Covid-19 drug trial at Addenbrooke's in Cambridge giving hope to those who never stopped shielding

  • Watch a report by ITV News Anglia's Matthew Hudson

A new Covid drug could give hope to thousands of vulnerable patients who have been shielding since the beginning of the pandemic more than two years ago.

The Protect-V trial is aimed at giving protection to the people whose immune systems did not respond to the Covid vaccinations, many of whom have been effectively left to shield in their own homes because they have little defence against the virus.

Up to 1,700 more patients from across the UK are now being asked to join the study, led by Addenbrooke's Hospital in Cambridge, which has been testing the drug Nicolsamide.

This month researchers have broadened the study to include a second drug, Sotrovimab.

Addenbrooke's Hospital in Cambridge is part of Cambridge University Hospitals NHS Foundation Trust. Credit: ITV Anglia

Sotrovimab has shown promising results for treating Covid in vulnerable people and could be used as a preventative treatment for people who are immunocompromised.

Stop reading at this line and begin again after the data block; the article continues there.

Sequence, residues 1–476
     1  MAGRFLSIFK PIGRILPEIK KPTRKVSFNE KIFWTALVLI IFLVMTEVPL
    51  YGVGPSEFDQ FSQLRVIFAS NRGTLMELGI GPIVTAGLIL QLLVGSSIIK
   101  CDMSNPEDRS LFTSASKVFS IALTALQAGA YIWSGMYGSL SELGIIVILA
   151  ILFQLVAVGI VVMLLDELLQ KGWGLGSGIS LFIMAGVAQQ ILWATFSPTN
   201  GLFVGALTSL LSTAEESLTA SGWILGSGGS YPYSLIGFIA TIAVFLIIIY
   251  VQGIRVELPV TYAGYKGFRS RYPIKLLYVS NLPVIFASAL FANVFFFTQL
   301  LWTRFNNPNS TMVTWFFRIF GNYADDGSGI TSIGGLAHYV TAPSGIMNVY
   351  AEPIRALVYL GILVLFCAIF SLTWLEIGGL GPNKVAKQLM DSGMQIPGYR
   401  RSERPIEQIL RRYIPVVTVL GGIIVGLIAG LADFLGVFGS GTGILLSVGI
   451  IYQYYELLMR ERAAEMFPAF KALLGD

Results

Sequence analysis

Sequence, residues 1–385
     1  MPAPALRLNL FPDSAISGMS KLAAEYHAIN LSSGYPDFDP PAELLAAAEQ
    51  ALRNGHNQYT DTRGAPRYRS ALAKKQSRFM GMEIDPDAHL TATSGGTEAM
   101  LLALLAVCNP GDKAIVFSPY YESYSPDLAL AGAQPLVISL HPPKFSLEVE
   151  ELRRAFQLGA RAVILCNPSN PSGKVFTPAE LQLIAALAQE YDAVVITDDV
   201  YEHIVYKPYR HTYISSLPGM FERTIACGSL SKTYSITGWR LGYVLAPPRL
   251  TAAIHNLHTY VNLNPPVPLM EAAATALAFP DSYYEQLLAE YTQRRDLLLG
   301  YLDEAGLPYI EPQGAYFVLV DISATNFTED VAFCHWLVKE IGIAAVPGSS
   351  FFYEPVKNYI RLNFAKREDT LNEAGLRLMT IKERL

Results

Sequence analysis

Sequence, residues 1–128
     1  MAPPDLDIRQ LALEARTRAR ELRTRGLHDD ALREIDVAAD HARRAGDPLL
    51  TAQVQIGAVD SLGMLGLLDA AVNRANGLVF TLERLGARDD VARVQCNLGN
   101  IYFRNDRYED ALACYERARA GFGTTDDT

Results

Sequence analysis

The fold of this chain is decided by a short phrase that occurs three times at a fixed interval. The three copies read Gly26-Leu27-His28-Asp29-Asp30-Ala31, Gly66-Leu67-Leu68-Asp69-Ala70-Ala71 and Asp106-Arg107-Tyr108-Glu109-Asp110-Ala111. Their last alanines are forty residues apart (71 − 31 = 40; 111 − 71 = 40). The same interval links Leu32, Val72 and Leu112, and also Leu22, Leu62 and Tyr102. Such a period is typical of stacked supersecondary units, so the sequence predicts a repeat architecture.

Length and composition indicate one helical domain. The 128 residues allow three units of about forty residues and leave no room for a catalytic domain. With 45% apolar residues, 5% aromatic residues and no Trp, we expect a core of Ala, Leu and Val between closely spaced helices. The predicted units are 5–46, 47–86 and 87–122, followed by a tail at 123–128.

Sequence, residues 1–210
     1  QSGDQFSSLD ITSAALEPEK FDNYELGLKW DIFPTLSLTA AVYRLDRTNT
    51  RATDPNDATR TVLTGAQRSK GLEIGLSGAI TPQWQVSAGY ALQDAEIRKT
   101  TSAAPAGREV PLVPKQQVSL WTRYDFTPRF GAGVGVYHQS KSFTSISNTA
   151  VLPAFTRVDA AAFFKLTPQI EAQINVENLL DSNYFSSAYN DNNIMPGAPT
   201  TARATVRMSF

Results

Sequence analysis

This could include cancer patients receiving chemotherapy, organ transplant recipients or patients with immunodeficiency.

Julia Hulme, 57, from Wisbech is already part of the trial and has been receiving the drug Sotrovimab.

She had a kidney transplant three years ago but had to continue to shield because regular Covid jabs did not give her protection.

Vulnerable patients whose immune systems do not respond to the covid vaccines could benefit from the drug. Credit: ITV Anglia

Ms Hulme said: "The opportunity for vaccines came along but it doesn't seem to like my immune system so I've been offered this.

"Hopefully it will give me some immunity and a little more confidence to get out and about."

Dr Rona Smith, a consultant in renal medicine at Cambridge University Hospitals NHS Foundation Trust and senior research associate at the University of Cambridge, is leading the trial.

She said: "The real group for whom there's an unmet need is for those patients that, despite having four or five vaccines, haven't made any antibodies so they remain unprotected.

"And there are a large number of patients who are still vulnerable to Covid, who are still shielding two-and-a-half years into this pandemic," she said.

"The launch of the Sotrovimab arm of Protect-V is a very exciting development.

"Not only does it add a second potential preventative drug to the platform, but also broadens inclusion beyond renal patient populations to any individual who has mounted a sub-optimal response to vaccination."

The first dose of Sotrovimab was administered at Addenbrooke's this week and there are plans to roll the trial out to at least 20 other centres across the UK in the coming weeks.

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